Re: [nwcrg] I-D Action: draft-irtf-nwcrg-coding-and-congestion-05.txt

roca <> Wed, 17 February 2021 10:52 UTC

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Date: Wed, 17 Feb 2021 11:51:45 +0100
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Subject: Re: [nwcrg] I-D Action: draft-irtf-nwcrg-coding-and-congestion-05.txt
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Dear authors, everybody,

Thanks a lot for this significant revision of your I-D.
Here are few comments, based on a quick review of the document.




Generally speaking, this is a great document IMHO.

** Section 2.1:
   "The Forward Erasure Correction channel carries repair symbols (from the sender to
   the receiver) and potential information signaling which packets have
   been repaired (from the receiver to the sender). "

Isn’t it a bit restrictive to say the feedback potentially carries information about repaired symbols only?
We could imagine other types of information (loss rate prior and/or after decoding for instance).
For instance, later, in section 4.3, you mention that: 
   « The receiver may indicate to the sender the number of packets that have been received or recovered. » 

** Section 2.2: 
   "The document considers one application layer stream as input packets.	
   The application layer may exploit several paths above both the FEC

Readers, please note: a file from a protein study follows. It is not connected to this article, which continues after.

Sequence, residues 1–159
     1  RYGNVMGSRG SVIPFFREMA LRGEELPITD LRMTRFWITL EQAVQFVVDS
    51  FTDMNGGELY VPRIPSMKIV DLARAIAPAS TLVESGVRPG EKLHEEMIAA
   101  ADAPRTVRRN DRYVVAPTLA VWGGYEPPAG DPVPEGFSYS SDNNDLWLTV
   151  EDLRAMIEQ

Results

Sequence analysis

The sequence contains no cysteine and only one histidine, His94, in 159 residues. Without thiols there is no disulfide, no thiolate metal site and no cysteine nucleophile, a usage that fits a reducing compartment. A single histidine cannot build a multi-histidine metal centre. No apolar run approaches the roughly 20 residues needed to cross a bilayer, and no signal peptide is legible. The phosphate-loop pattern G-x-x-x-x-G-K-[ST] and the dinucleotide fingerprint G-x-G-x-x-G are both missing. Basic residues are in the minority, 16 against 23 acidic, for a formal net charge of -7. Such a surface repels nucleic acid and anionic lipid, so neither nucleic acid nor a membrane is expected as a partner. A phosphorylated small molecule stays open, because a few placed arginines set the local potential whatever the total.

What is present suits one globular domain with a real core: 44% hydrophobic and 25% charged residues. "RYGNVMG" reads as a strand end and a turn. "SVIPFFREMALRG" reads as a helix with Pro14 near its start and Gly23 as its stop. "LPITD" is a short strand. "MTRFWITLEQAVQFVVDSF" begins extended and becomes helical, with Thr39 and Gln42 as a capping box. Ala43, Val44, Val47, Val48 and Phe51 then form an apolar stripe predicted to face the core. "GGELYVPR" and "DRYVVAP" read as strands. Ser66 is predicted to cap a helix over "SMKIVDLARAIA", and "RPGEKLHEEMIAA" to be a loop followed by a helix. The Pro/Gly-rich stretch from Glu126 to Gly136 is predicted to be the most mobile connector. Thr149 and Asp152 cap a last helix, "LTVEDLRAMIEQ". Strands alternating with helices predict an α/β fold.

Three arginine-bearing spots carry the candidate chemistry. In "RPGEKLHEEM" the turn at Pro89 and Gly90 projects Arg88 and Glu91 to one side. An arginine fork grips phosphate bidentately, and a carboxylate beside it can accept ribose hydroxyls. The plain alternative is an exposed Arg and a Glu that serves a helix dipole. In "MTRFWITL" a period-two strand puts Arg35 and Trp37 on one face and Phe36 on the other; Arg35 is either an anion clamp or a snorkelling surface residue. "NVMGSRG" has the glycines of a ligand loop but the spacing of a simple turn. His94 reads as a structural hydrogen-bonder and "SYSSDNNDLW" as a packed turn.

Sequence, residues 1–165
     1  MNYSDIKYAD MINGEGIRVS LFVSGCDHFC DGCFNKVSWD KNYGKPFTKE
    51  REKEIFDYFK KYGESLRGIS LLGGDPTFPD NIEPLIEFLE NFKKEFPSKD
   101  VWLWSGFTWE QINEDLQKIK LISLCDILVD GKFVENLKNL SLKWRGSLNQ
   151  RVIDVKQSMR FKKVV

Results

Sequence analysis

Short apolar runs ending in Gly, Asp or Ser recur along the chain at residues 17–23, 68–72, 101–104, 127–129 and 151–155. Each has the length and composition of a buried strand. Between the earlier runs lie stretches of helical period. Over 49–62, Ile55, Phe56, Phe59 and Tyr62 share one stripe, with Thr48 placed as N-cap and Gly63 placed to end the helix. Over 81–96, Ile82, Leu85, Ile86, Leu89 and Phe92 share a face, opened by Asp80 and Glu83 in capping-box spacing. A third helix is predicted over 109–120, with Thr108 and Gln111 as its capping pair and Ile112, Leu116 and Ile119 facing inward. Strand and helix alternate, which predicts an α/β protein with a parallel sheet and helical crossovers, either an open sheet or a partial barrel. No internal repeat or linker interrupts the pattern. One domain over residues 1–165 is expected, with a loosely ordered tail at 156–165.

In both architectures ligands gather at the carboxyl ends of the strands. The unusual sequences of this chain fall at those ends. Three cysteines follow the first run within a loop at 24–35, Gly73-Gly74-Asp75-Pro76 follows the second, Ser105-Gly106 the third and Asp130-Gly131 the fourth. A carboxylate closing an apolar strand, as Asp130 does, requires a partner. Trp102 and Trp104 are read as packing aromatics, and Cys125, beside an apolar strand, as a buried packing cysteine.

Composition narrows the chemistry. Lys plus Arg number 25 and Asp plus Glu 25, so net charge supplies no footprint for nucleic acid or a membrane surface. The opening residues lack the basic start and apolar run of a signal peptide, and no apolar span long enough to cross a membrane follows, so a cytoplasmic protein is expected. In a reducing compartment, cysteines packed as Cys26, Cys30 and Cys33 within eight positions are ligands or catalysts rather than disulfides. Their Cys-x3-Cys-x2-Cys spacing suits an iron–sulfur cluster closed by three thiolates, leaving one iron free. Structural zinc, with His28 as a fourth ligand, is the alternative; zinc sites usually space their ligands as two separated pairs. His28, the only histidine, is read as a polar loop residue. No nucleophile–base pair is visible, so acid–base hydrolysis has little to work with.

and transport layers; this case is not further described in the	

Confusion between « paths » and « stream ». Is it the same? 
Also, since this is a key point, could you just detail a bit more what are the implications of « several paths ».
The various streams could be mapped on top of the same transport connection, or on top of different transport
connection. Consequences are totally different.

** Section 2.3:
This new section is important as it raises key questions.
However the organisation of ideas could perhaps be a bit improved (several ideas are mixed I think).
Last paragraph is okay however and contains the key messages in this section (perhaps swap last two sentences).

** Section 3.3:
I don’t understand this part of the sentence: 
   « Adapting the coding rate to the minimum required data rate of the application… »